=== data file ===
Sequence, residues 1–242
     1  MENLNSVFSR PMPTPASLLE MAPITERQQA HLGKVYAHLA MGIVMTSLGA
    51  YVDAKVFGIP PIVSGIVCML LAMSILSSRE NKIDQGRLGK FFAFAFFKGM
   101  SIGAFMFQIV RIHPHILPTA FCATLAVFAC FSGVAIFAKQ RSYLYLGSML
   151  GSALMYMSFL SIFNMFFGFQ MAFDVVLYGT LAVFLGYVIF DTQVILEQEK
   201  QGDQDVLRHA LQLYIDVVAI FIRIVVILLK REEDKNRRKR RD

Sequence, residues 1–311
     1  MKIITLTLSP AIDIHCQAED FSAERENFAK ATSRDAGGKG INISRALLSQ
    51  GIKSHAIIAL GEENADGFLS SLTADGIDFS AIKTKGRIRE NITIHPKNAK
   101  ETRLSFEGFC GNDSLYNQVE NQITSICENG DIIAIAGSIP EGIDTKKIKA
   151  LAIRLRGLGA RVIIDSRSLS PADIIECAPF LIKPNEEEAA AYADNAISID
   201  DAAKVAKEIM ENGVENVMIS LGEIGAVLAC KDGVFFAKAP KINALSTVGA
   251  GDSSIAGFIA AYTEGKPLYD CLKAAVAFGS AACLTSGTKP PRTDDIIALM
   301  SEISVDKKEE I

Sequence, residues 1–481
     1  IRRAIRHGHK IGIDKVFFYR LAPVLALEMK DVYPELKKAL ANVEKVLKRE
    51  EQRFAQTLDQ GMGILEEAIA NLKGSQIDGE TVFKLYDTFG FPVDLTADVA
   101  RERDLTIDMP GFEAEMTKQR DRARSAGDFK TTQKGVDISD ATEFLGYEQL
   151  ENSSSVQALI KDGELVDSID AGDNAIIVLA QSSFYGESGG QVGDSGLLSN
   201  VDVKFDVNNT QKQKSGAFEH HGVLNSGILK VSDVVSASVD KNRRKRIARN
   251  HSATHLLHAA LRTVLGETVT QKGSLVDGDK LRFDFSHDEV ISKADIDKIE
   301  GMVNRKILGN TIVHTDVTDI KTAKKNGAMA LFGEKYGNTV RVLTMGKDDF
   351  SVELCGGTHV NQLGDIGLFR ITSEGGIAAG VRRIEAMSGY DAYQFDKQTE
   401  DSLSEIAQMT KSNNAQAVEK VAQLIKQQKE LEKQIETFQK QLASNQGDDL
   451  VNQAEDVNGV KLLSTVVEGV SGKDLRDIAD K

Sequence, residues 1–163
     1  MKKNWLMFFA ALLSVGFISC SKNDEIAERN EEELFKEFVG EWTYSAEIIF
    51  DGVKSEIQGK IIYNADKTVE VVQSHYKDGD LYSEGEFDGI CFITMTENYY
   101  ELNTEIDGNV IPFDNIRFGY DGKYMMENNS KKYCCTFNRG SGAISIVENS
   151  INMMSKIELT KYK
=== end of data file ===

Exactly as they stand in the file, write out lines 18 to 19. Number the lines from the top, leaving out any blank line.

   101  RERDLTIDMP GFEAEMTKQR DRARSAGDFK TTQKGVDISD ATEFLGYEQL
   151  ENSSSVQALI KDGELVDSID AGDNAIIVLA QSSFYGESGG QVGDSGLLSN